how effective it might be for "practical" work that
one has to do.
  I want to be able to really think *about* what
I am doing. And in order to be able to think about
it one usually needs some information about the
implementation, performance wise, of the language
features and the system modules that one might
want to use. If you happen to know of any *better*
way of offering the requisite information than
asymptotic complexity measures then, of course,
I am very grateful to hear more about it.

> Consider, for example, point [b].  Quicksort's big-O is N squared,
> suggesting that quicksort's no better than bubblesort or the like.  But
> such a characterization is absurd.  A very naive Quicksort, picking its
> pivot very systematically (e.g., always the first item), may hit its
> worst case just as systematically and in cases of practical importance
> (e.g., already-sorted data); but it takes just a little extra care (in
> the pivot picking and a few side issues) to make the worst-case
> occurrences into ones that will not occur in practice except when the
> input data has been deliberately designed to damage by a clever and
> determined adversary.
>
> Designing based on worst-case occurrences hardly ever makes
> sense in any field of engineering,

What's wrong with wanting to have a rough idea
of what might happen in the worst case? I believe
many engineers are actually expected to think
about at least some "worst-case" scenarios.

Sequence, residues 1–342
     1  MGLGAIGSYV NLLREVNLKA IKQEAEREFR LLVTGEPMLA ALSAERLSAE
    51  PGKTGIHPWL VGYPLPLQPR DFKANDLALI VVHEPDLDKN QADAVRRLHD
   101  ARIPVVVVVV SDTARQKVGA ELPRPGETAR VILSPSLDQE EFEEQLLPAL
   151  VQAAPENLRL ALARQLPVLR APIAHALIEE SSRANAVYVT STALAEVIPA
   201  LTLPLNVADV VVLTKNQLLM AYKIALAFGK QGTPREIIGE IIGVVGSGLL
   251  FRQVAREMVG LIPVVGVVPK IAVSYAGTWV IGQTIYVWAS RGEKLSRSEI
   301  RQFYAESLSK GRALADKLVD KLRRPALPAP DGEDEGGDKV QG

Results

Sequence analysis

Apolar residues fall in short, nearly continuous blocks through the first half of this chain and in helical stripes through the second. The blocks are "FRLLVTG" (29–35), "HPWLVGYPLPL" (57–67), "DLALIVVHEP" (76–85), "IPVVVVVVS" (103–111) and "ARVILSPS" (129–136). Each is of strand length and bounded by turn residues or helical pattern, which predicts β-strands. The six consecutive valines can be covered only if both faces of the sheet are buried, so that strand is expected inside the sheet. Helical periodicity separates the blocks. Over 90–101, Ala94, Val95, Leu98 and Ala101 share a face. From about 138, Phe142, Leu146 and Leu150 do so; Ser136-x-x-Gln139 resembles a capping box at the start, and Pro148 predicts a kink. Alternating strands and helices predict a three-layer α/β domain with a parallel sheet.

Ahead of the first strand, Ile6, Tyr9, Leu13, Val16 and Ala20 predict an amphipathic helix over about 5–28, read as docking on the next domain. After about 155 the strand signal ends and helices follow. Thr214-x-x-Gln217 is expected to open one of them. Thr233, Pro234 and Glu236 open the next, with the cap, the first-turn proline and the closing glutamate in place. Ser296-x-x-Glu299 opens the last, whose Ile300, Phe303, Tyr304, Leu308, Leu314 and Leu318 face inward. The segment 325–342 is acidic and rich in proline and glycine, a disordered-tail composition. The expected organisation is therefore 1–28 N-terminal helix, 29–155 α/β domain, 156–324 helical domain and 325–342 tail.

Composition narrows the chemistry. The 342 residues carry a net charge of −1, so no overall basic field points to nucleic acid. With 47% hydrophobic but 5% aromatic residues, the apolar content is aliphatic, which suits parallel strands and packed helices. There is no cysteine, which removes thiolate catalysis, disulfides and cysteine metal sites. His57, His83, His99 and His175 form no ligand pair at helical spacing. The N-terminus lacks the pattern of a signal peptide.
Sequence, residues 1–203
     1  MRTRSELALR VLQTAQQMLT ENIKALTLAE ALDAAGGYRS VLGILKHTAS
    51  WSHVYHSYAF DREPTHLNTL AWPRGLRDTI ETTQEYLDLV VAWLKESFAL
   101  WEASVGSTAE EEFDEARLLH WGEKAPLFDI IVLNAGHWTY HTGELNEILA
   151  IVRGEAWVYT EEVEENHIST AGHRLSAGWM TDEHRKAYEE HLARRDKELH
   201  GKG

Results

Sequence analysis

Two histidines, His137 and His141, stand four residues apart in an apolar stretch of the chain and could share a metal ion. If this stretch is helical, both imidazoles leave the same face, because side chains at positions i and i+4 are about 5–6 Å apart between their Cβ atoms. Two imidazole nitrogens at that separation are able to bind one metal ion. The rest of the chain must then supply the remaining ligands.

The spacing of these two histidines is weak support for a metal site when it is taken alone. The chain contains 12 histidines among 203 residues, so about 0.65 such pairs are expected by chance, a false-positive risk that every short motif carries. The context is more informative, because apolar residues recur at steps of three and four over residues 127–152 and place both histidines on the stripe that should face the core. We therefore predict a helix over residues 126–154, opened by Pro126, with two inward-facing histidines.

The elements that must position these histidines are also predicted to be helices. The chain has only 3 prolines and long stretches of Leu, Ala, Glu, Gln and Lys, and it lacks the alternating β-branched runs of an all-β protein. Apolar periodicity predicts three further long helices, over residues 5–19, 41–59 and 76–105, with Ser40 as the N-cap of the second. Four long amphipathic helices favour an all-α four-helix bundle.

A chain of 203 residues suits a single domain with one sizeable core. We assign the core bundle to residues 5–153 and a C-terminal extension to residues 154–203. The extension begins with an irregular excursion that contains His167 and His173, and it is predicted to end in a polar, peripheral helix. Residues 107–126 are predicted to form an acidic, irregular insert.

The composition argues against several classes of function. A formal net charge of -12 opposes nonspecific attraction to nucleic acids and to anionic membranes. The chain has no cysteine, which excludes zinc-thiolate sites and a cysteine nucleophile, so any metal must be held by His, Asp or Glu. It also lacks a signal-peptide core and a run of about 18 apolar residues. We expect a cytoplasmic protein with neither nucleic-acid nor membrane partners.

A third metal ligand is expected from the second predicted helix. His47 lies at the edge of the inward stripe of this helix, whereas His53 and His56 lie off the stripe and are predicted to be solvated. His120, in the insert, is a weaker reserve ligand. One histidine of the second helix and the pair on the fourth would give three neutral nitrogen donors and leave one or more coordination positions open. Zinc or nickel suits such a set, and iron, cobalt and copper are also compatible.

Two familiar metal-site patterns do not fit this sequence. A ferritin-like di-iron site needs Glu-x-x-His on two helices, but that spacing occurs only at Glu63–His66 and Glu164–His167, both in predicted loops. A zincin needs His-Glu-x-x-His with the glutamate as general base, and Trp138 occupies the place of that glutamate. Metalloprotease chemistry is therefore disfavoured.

Think of nuclear reactors, airplanes, or
telephone exchanges (and dont' think of Google
for a change). Don't you expect engineers
and scientists designing, for example, a nuclear
reactor, to think hard about what the worst-case
scenario might be? And how likely it might happen?
(And *no* testing whatsoever in that direction,
please!) Not thinking is, admittedly, a lot easier.

<snip/>

> Why bother doing
> (e.g.) random pivot selection in quicksort, when its big-O (i.e.,
> worst-case) behavior will remain N-squared, just like naive quicksort,
> or, for that matter, bubblesort?

Because worst-case is not the only measure of
computational complexity that one might be
interested in. For some applications one may
be able to accept relatively bad worst-case
behavior, if it doesn't happen too often.
This is why for these people we might provide
information about average case behavior (and
then the difference between quicksort and
bubblesort clearly shows).
  For others, such worst-case behavior may not
be acceptable. For those other applications,
a good worst-case may be what is required.
This is why this second category of programmers
needs to know about the worst-case. - But I am
certainly belaboring the obvious...

Of course, the programs that have been designed
on the basis of such information can (and ought
to be) tested. Then some surprises (*not* predicted
by theory) might happen: but if they do not happen
too often, theory has done a good job - and so has
the programmer...

Regards,
Christian